There are

problems in the deposit insurance system that need to be
addressed and there are problems in the banking industry itself,
which also need to be addressed.

In testimony yesterday before the House Banking Committee,
Chairman Seidman identified supervision, capital and risk
management as three areas that must be at the forefront of our
efforts to restore the deposit insurance system and the banking
industry to health.

Chairman Riegle, we welcome your just

released proposal on deposit insurance reform and intend to
review it carefully.

Hopefully, we will continue to move

forward with legislation reforming the deposit insurance system
and the banking system in order to effectively complement the
proposed legislation on deposit insurance assessments that is
before us today.

We appreciate the foresight of the Chairman and other members of
this Committee in introducing S. 3045.

If enacted

this

legislation will give us a head start in reforming the deposit




insurance system.

There are, however, several additional

considerations the Committee might wish to explore in its
deliberations on the bill.

First, S. 3045 is limited to assessments for the Bank Insurance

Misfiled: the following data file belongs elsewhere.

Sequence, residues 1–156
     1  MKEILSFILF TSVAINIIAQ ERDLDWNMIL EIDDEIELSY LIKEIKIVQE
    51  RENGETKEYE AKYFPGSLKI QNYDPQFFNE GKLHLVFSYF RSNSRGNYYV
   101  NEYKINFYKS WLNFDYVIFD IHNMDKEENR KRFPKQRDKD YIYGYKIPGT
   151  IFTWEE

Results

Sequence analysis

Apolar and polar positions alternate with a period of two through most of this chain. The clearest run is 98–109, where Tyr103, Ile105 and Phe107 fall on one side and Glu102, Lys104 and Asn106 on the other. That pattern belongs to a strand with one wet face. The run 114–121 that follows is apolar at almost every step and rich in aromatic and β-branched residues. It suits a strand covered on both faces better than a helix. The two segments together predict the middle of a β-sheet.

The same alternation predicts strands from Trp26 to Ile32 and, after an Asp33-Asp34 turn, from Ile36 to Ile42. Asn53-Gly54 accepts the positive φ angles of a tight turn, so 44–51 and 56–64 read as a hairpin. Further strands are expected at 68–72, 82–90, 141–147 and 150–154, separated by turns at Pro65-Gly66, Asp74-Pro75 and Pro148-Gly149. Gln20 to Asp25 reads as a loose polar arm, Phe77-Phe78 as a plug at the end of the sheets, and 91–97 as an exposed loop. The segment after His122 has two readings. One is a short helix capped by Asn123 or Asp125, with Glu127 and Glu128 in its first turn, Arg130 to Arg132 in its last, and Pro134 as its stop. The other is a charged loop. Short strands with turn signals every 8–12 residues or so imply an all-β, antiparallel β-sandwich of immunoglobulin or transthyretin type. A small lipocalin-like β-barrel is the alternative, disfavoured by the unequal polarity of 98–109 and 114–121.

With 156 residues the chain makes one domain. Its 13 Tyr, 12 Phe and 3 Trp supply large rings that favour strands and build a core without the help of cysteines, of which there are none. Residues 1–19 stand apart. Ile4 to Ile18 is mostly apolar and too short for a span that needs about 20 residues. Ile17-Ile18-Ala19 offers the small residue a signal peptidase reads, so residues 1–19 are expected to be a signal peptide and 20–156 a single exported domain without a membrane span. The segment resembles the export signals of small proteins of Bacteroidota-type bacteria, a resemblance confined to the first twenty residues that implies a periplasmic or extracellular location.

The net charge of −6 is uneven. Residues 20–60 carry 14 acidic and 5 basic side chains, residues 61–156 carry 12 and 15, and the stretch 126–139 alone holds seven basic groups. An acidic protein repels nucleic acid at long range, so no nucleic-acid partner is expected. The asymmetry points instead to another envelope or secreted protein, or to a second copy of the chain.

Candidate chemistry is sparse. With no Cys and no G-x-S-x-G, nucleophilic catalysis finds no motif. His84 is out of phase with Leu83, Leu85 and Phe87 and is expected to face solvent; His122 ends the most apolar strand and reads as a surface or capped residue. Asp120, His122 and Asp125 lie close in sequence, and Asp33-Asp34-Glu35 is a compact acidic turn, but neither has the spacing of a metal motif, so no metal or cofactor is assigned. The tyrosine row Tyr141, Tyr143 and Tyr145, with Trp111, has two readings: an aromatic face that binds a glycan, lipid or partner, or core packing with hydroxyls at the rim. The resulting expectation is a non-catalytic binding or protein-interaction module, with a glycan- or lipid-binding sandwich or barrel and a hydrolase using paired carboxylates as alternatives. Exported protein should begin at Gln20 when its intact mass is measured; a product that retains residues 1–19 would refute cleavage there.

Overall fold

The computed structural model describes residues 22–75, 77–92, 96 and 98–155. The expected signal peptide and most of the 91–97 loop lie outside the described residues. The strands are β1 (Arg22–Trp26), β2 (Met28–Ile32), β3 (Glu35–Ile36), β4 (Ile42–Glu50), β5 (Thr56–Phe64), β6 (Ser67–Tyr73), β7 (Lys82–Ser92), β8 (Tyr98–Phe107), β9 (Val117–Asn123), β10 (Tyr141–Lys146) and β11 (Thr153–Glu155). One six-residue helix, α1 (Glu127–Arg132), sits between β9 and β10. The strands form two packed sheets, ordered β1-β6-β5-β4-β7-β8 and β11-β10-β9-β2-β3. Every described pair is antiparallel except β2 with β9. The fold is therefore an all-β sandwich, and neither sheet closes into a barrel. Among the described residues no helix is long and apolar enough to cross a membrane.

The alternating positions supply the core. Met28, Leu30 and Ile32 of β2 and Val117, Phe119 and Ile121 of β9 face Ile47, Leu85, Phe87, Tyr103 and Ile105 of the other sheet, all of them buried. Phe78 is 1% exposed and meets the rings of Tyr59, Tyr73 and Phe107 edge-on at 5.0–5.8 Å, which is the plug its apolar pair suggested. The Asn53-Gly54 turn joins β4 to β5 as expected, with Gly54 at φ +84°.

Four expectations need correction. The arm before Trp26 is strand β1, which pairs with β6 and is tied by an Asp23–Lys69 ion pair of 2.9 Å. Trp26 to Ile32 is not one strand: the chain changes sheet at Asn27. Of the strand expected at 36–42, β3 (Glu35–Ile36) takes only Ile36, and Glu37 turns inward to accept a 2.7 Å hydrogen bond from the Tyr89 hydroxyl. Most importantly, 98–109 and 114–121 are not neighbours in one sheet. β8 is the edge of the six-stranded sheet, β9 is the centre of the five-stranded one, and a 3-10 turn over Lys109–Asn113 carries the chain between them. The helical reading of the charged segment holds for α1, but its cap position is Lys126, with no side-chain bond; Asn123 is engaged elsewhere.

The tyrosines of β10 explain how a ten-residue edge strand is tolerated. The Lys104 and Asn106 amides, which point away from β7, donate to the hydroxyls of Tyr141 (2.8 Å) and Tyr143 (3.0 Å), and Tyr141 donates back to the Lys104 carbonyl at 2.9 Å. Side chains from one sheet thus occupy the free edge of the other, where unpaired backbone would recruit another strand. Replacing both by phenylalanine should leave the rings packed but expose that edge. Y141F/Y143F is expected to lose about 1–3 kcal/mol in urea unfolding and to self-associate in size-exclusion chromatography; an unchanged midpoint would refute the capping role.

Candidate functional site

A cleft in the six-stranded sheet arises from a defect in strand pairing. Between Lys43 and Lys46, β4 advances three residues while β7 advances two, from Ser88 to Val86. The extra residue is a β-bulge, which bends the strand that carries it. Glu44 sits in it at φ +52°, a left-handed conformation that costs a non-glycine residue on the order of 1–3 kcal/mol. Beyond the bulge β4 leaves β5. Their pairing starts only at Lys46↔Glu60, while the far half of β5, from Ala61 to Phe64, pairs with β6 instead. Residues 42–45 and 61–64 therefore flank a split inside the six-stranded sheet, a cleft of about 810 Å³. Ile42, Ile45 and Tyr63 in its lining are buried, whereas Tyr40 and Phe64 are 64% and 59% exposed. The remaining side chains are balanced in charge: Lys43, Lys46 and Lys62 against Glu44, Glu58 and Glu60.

Fund.

We recommend that the bill be amended to grant the FDIC

similar flexibility with respect to assessments for institutions
which are members of the Savings Association Insurance Fund.
Under existing law, the FDIC has no authority to alter SAIF
rates until 1995.

We urge that S. 3045 be amended to retain

parity in the FDIC's discretion to adjust BIF and SAIF rates.

Second, we recommend that the legislation remove provisions in
existing law that mandate rebates of assessments.

We would

prefer an approach similar to that contained in the Department
of Treasury's proposal which provides the FDIC with the
discretion to give rebates, taking into account the need to
build up fund reserves to withstand future periods of unusual
stress.

From 1950 through 1983 FDIC income from assessments

exceeded expenses and insurance losses.

As a result, the FDIC

was required to rebate a portion of that surplus back to the
banks in the form of a credit against future assessments.
rebates totalled $6.7 billion over the 24-year period.
accumulated interest foregone equalled $24.9 billion.

These

The
Thus, had

these rebates not taken place, the Bank Insurance Fund today
would have an additional $31.6 billion, and would have stood at
approximately $45 billion at the end of 1989.



5

Third, the Committee might wish to consider including minimum
assessment rates for the two Funds, at levels similar to those
prescribed as minimum annual assessment rates under existing
law.

One potential benefit of a statutory minimum is that it

provides guidance as to the minimum rates Congress considers to
be appropriate.

Another benefit is that it establishes a base

rate that would be applicable in the absence of FDIC action.

In summary, the FDIC believes that the increased flexibility
granted by S. 3045 is a positive step.

We urge that it be

extended to cover SAIF assessments as well as BIF assessments,
that it provide greater discretion with regard to rebates, and
that a minimum assessment rate be included.

I will be pleased to answer any questions the panel may have.